Since buying the boat in 2004, the Richardson family has spent hundreds of man-hours and about $65,000 restoring it to its appearance from the 1950s, with the exception of trading its U.S. Army Corps of Engineers paint scheme to black, white, gray and silver for museum boat life. Four generations of the family, including Paul’s father, James Richardson, a U.S. Navy veteran of World War II, helped with the work, which ultimately included replacing hull plate, scraping, painting, cleaning, repairing, and re-engineering the mechanicals.

“I call it a family affair,” Richardson said. “It’s been wonderful for our family.”

The 42- by 12-foot boat is now powered by a single Detroit Diesel 8V71 producing 265 hp. and a single 36-inch left-hand, three-blade Nibral propeller. It weighs 56,000 pounds and has a top speed of about 8 mph.

In 2014, the Richardsons re-launched the boat as the mv. Elizabeth Lea, combining Aaron Richardson’s wife’s and mother’s middle names.

“We’ve been going up and down the river to different river festivals,” Richardson said. “Our mission statement is to educate people about the inland waterways and how important they are and also about the era of the ’39, the steel-hulled boats.”

The all-volunteer crew, mostly composed of family members, also talks about safety, reminding recreational boaters about the importance of keeping a safe distance from towboats and barges.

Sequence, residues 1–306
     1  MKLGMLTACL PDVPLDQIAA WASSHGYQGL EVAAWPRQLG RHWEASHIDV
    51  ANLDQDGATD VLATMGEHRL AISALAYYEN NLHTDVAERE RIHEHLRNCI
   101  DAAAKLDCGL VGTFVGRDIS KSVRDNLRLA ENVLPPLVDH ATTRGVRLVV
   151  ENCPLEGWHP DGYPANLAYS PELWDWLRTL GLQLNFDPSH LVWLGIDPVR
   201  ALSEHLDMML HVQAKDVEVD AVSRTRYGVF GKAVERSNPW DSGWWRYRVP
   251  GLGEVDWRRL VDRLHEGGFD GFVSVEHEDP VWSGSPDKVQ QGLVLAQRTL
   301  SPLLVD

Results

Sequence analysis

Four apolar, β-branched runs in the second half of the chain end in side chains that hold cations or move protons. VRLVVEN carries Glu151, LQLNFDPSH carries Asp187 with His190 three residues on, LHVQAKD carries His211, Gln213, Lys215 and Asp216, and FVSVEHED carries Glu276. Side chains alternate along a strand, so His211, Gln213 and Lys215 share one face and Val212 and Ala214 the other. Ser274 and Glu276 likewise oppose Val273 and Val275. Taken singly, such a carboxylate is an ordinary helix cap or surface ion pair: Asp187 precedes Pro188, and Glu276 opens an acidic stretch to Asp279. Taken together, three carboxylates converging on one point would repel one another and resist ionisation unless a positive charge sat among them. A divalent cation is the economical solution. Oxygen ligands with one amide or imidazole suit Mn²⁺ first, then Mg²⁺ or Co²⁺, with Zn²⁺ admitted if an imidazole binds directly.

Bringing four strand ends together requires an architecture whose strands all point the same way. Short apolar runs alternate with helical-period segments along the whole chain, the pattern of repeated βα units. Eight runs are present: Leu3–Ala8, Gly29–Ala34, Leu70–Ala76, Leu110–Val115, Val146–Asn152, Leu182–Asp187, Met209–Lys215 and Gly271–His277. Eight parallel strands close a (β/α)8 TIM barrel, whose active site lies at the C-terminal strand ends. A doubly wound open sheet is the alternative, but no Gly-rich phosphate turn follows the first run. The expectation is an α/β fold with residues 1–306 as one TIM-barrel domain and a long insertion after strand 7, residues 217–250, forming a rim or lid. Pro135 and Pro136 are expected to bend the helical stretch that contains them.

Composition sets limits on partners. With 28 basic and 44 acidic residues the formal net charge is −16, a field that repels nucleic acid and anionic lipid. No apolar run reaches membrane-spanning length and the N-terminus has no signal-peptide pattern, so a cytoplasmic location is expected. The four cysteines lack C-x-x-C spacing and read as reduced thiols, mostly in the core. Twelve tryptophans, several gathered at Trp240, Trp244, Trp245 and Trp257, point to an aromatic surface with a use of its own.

“People go out on the river and think they can run out right in front of a towboat, to be 5 feet in front of a towboat,” he said.

They also promote the importance of wearing personal floatation devices, especially for children.

Recently, the Elizabeth Lea was pulled from the water for its government-required five-year antique boat inspection. It needs hull repairs and possibly also some engine work.

“A lot of the people are getting old, and it’s hard to find someone who knows how to work on these old boats,” Richardson said.

Preservation Society

As repair and ongoing maintenance costs have continued to increase with the vessel’s age, the Richardsons created the not-for-profit Elizabeth Lea Preservation Society and obtained their 503(c)(3)  status earlier this month to accept tax-free donations to help fund the Elizabeth Lea’s continued voyages. They are sending letters out to river-related industries to ask for help, soliciting sponsorships for the $5,000 annual operating budget to continue the boat’s mission, as well as donations for engine rebuilding or replacement and to replace different sections of the hull on a rolling, five-year basis to keep the Elizabeth Lea sound and allow farther journeys from its home port.

As the letter says, “Our goal is to raise awareness of not only our boat’s history but the vital role the inland waterways play on our past, present, and future. Without the support of the industry, we will not accomplish this goal and the boat may very well be lost.”

Richardson said the plan is to offer tours to the public at various river towns and festivals. Eventually, he said, he would like to obtain a floating dock or barge the boat can push and also use for providing safe access for the public and as a tour staging area. 

“We would like to incorporate displays, relics and photos of the boat and the river system on board the dock/barge for further educational opportunities for the general public,” the boat’s website explains.

With help, Richardson said, he sees no reason why the Elizabeth Lea can’t continue its legacy of working on the river.

“In 19 years she’ll be 100 years old,” he said. “That’s pretty good for a boat.”